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Messages - bobwil50

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1
General board for soon-to-be 1Ls / Re: Georgetown Class of 2009
« on: May 24, 2006, 04:57:23 AM »
How long did it take for you guys to get the yellow sheet processed?  Did the response come by snail mail or email?

2
Hi, you'll do.

I may not be the best-looking guy in here, but I'm the only one talking to you.

If I told you that you had a hot body, would you hold it against me?

3
I especially love the part about how 22-yr-old college kids with high LSAT scores aren't qualified to discuss this, because apparently firsthand experience is more trustworthy than objective statistical data.

Post a link to a website that has objective statistical data on the long-term relvency of a T1 education over a t3/t4 education.  I'm not looking for data that shows that first-year associates from Harvard make more than first-year associates from Widener.  What I'm looking for is data that proves that a majority of t3/t4 grads suffer greatly in their lifetimes as a result of their law school's rankings.

If you can do that, then I will consider listening to 22-year-old college students over 22-year-veterans of the legal community.




http://powerscore.com/lsat/help/salary.htm

Holy crap!  A company selling tips on how to succeed on the LSAT explaining the wide salary gap between low-LSAT takers and high-LSAT takers?!?!  WHOWOULDATHUNKIT!!!!

However, that only gives starting salaries.  Try again.

You really think starting salaries can't give a good indication of lifetime earning potential?

4
I especially love the part about how 22-yr-old college kids with high LSAT scores aren't qualified to discuss this, because apparently firsthand experience is more trustworthy than objective statistical data.

Post a link to a website that has objective statistical data on the long-term relvency of a T1 education over a t3/t4 education.  I'm not looking for data that shows that first-year associates from Harvard make more than first-year associates from Widener.  What I'm looking for is data that proves that a majority of t3/t4 grads suffer greatly in their lifetimes as a result of their law school's rankings.

If you can do that, then I will consider listening to 22-year-old college students over 22-year-veterans of the legal community.




http://powerscore.com/lsat/help/salary.htm

5

There are no t3/t4 delusions that I see running rampant on this board.  For the most part, those relegated to non-T1 schools fully recognize the fact that getting a $145,000 big-law job will be next to impossible.

What I do see is people stating that there ARE job prospects for those coming from lower ranked schools.  They may be $60k, $70k, and $80k jobs at best, but we are talking about starting salaries.  While one test may dictate the schools that one might attend, it does not, by any means, dictate the success of that candidate.  Will I go on to become a SCOTUS clerk?  Highly unlikely.  Will I be courted by exceptionally high-powered law firms in my third year?  Probably not.  Will I leave law school with the guarantee of $100k as a first-year associate?  Highly doubtful.

Actually, I agree with quite a bit of what you said here.  But when someone mitigates the importance of "employment potential," they need to be corrected.  The point of this thread is the difference between Suffolk with a full ride and Georgetown.  Unless the OP's goal is to work in a mid-sized firm in Boston, Georgetown is the obvious choice.

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But I will be employed.  And my performance while employed will dictate my future successes.  T1s open doors, but they do not keep them open forever.  Hard work and talented lawyering skills do.  There are a great many lawyers who did not attend a t1 schools--are you ready to assert that only a select few have become successful?  Are you ready to assert that less than a majority have become successful?  Are you ready to assert that those who went to a t3/t4 school and failed in life would have done better had they scored higher on the LSAT and gained admittance to HYS?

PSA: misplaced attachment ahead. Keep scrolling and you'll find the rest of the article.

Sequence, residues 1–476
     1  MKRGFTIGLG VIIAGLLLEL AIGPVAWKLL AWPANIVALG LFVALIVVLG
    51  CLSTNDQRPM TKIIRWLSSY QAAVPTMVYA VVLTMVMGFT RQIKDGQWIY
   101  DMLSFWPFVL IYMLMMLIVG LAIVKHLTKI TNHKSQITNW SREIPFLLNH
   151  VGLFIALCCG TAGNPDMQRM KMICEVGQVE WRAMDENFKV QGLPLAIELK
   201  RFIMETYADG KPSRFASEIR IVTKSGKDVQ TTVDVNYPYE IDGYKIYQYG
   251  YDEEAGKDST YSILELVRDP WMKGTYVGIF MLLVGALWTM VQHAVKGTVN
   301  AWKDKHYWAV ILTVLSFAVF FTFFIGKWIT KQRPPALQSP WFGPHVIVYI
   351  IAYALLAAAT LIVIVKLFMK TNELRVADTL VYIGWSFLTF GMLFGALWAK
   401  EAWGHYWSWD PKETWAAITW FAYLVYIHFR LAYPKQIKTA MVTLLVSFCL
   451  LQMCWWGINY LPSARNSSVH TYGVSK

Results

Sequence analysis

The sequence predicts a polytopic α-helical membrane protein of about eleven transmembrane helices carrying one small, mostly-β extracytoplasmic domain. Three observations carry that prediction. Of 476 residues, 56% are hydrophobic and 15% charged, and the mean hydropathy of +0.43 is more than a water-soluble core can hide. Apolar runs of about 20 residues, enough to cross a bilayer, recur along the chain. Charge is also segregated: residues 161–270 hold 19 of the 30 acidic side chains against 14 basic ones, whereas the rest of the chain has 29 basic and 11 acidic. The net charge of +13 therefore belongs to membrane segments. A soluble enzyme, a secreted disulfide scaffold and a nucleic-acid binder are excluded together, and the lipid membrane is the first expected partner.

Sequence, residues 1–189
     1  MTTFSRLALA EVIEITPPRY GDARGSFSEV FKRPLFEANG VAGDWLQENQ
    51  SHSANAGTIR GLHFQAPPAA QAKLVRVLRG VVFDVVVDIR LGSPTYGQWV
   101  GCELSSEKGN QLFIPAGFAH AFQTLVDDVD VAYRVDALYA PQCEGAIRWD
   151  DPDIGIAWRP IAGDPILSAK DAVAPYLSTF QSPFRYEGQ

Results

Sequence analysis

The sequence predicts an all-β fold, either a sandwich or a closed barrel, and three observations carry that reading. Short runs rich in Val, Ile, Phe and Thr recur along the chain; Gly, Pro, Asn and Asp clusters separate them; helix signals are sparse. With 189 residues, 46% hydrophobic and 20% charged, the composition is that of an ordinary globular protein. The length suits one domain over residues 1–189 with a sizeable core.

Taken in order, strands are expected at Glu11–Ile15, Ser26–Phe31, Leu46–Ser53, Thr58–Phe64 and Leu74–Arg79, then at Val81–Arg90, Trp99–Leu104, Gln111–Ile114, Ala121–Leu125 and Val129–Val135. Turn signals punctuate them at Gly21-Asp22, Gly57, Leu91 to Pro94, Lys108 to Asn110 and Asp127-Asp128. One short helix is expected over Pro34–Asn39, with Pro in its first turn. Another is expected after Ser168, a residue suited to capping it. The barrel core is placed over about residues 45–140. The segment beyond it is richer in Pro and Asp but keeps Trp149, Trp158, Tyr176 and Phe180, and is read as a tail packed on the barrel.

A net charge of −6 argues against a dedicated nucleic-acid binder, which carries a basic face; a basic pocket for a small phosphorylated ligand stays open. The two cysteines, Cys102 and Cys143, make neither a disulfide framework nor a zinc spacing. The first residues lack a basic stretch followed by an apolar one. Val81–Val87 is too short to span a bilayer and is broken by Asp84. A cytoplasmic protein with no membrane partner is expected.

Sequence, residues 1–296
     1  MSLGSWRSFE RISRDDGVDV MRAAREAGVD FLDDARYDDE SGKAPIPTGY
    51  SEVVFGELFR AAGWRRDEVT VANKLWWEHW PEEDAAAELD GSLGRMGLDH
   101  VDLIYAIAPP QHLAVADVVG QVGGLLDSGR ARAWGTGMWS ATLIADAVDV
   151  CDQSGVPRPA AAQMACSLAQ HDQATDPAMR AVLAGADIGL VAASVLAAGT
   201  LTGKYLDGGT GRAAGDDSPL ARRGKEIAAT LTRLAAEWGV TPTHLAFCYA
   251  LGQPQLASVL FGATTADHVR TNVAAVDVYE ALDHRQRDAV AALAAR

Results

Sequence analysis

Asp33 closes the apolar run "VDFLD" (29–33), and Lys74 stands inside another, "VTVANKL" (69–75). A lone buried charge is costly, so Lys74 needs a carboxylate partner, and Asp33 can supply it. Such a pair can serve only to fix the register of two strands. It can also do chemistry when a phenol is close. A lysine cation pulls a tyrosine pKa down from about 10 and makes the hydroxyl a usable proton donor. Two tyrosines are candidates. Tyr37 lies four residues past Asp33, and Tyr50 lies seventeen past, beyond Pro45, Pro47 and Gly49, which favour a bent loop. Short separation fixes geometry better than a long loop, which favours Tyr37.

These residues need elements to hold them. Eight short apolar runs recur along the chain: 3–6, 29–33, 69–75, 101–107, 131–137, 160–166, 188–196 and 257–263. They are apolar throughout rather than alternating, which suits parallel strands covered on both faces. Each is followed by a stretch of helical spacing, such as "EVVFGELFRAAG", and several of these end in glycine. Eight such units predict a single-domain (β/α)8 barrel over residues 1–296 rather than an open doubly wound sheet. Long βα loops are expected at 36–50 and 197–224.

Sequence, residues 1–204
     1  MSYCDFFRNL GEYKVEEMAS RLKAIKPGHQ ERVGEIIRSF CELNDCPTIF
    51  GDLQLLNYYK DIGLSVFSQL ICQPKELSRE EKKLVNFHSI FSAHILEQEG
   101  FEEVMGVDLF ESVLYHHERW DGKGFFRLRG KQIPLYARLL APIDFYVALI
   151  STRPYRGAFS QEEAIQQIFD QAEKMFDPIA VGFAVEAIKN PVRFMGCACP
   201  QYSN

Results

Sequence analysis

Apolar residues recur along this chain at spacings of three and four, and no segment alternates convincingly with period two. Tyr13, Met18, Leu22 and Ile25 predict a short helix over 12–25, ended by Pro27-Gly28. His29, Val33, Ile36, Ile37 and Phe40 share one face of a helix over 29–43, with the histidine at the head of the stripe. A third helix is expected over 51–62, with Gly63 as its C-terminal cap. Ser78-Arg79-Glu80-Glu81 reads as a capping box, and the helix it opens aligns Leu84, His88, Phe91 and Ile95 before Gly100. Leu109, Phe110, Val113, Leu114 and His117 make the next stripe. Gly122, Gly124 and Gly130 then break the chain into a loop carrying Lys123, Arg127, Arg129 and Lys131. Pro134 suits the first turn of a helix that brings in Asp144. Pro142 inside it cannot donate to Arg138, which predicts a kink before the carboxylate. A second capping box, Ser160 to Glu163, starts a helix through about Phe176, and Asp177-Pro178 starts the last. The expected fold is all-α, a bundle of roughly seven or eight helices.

This depends on what you mean by successful.  The fact of the matter is that a T1 graduate will have the same opportunities open to a T3/T4, and then some.  I am not disputing that T3/T4 grads can't be successful, just that it will be much harder for them.  I think in the case of the OP, it is certainly worth the 100k or so in tuition, unless his goals are much narrower than most law students'.


6
No, you're not stupid... What most people won't tell you is that any ABA accredited school, whether it's Harvard or Florida Coastal, enables its graduates to practice anywhere in the country, provided they pass the respective bar exam.

Yeah, I hear Florida Coastal competes pretty well with Harvard too.

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While everyone is hung up on "employment potential", they ignore the fact that having a law degree is much like having a college diploma: you get out of it what you put in. Yes, some schools have a better alumni network, but you don't NEED connections to start out well. I know several DOZEN lawyers who all started at non-ABA's in California, transferred to a T4 ABA, graduated, and started their own practices. Several attained 7-figures within 5 years of graduating, simply because they essentially started their own businesses and made their own contacts.


I know people that have won the lottery.  Thus, playing the lottery is a good idea.

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The way I look at it, is that if I wanted to work for someone else all my life, I wouldn't have pursued law school. Why spend tens of thousands of $$$ and several years of your life learning how to work for someone else in a firm, killing yourself to make partner, when it may never happen?

If you want to work for yourself, don't go to law school period.

I can't tell if this is flame or idiocy.